More than ever, travel insurance products are giving customers in less-than-perfect health opportunities to leave home, visit friends and relatives in distant countries, and even indulge themselves in leisure activities that would have been unthinkable a decade or two ago.
Even for the elderly, given their normal range of chronic conditions (e.g., high blood pressure, heart flutters, diabetes, artery or vein disorders), coverage may be available so long as their health has remained stable for specified periods (three months, perhaps six) and they have completed their medical questionnaires accurately and haven’t “shaded” the truth to gain a slight reduction in premiums.
Such attempts at “savings” can turn into financial catastrophes if the insurer is forced to deny a claim for emergency medical services because you failed to fully or accurately disclose that you had been “checked out” for a respiratory condition within the past three months, or that your medication for diabetes was recently changed, or that you were referred for a heart murmur that your cardiologist said was OK for now but should be rechecked when you returned from Florida.
Such “minor imperfections” may seem routine and unworthy of mention on a questionnaire, but they can be vital signs to medical underwriters that further information about your health is needed. Underwriters have no information available to them when gauging a patient’s health but what they see on the questionnaire. And they have no other way to determine the risk of offering coverage, or if you are ineligible for the plan level you are seeking but might be better placed in a different level.
Claim denials are rare, but take your application seriously
Though claim denials for Canadian travellers are extremely rare, when they do occur they can be devastating to a family’s finances. And non-disclosure of pertinent information on one’s medical questionnaire is one of the most frequent reasons for claim denials.
It’s one thing to say you answered the questions as best you knew how and “in good faith.” It’s quite another to say your answers were accurate. And though questionnaires tend to be loaded up with medical terminology, you should take the time to look up the definitions of terms used. If they’re not included with the questionnaire or in your policy—demand them. Example: the definition of “Internal condition” may include gallbladder disease, kidney disorders (including stones), liver or pancreatic disorders, prostate or urinary disease, and so on. If you’re being asked if you have been diagnosed or treated for an internal condition in the past 24 months, you need to know what the insurer considers an internal condition.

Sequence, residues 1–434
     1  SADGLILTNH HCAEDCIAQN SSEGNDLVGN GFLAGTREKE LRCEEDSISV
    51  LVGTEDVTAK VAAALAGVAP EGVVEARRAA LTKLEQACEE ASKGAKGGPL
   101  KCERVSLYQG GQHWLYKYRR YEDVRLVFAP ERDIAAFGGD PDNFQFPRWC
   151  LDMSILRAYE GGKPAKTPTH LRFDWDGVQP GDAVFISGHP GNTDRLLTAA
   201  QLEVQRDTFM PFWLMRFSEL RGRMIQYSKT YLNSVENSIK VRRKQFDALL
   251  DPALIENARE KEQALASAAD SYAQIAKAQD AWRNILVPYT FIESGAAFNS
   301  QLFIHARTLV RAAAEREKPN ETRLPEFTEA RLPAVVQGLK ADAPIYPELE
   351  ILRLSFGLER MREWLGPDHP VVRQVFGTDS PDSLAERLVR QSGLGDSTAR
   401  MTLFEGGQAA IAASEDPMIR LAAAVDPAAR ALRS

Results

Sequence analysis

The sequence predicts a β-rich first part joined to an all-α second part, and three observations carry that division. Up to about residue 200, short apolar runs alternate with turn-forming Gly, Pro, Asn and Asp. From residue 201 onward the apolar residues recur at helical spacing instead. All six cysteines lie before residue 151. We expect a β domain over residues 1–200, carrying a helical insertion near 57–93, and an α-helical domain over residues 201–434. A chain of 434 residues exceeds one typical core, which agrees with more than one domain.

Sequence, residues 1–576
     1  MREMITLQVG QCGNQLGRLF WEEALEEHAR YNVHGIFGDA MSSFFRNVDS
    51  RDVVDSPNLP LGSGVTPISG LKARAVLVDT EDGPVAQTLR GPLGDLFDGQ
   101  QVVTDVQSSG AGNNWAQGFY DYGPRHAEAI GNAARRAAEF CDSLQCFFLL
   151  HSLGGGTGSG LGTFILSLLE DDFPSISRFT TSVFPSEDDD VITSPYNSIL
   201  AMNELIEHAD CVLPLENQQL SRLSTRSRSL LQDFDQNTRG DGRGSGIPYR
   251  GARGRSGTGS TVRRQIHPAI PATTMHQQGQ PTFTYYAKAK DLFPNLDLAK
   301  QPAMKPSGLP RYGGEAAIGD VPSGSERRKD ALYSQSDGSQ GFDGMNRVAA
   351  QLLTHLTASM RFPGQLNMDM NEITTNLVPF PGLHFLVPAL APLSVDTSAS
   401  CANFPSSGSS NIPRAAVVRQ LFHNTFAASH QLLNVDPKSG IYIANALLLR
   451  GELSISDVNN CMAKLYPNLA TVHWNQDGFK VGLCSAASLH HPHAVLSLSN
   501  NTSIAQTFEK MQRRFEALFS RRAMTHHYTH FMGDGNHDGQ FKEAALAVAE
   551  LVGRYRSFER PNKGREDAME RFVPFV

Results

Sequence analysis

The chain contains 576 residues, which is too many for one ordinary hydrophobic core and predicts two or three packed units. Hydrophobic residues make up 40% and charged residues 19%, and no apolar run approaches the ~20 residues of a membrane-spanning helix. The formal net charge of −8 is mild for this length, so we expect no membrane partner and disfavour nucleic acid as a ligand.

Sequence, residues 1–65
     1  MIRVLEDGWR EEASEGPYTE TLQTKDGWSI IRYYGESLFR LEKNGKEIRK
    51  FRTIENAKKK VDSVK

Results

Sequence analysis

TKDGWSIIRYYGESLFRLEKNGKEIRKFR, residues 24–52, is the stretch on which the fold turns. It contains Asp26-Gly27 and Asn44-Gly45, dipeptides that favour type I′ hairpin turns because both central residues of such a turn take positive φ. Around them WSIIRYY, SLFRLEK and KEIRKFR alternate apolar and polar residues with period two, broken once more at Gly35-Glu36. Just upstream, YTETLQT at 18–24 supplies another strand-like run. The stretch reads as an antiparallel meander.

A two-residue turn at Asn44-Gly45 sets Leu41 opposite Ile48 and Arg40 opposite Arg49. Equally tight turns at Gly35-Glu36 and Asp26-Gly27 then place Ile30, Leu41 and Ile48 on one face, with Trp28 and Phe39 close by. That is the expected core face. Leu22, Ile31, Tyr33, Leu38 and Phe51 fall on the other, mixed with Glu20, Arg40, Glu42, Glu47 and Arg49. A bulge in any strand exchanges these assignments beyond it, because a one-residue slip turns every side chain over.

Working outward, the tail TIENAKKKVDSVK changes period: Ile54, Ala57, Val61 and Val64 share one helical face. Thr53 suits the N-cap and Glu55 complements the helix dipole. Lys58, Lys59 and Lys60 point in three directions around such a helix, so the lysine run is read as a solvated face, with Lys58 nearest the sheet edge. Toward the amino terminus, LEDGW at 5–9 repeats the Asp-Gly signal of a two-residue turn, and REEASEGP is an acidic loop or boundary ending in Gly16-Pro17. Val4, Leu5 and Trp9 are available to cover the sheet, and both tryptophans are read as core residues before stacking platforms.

And if you’re completing an application with the assistance of an agent, perhaps over the phone, have the agent read the questions one by one as they are printed on the questionnaire, and have any pertinent definitions explained to you. Take your time… it’s your policy and it’s your money. And when you receive your Confirmation of Coverage (which explains the details of coverage, the price paid, the dates and conditions of coverage)—read it all, especially the completed questionnaire, to make sure your Yes or No answers are correctly recorded and consistent with your medical record.
If there’s any doubt in your mind about your medical record, or why you underwent certain tests a few months ago, or why you’re taking certain drugs, ask you physician for help—perhaps even to look over your application.
Remember: The agent is there only to assist. If there are any losses resulting from faulty information, they will be yours. Not the agent’s—“good faith” notwithstanding.
Insurers want your business. They don’t want to deny a claim any more than you want to see it denied. They are constantly looking for ways to design products for their varying markets in all age groups and with all health profiles. But it requires some effort from you.
Do not consider travel insurance a casual, routine purchase. And though you have seen many entreaties to “sign up… it just takes 30 seconds,” unless you are in perfect health and can leap tall buildings in a single bound, take your time. Don’t wait for the day before your departure. And if your application is medically underwritten, allow for any additional time it may take for your physician to review it.
It’s your application. It’s your time. And it’s your money.
© Copyright 2020, 2021 Milan Korcok. All rights reserved.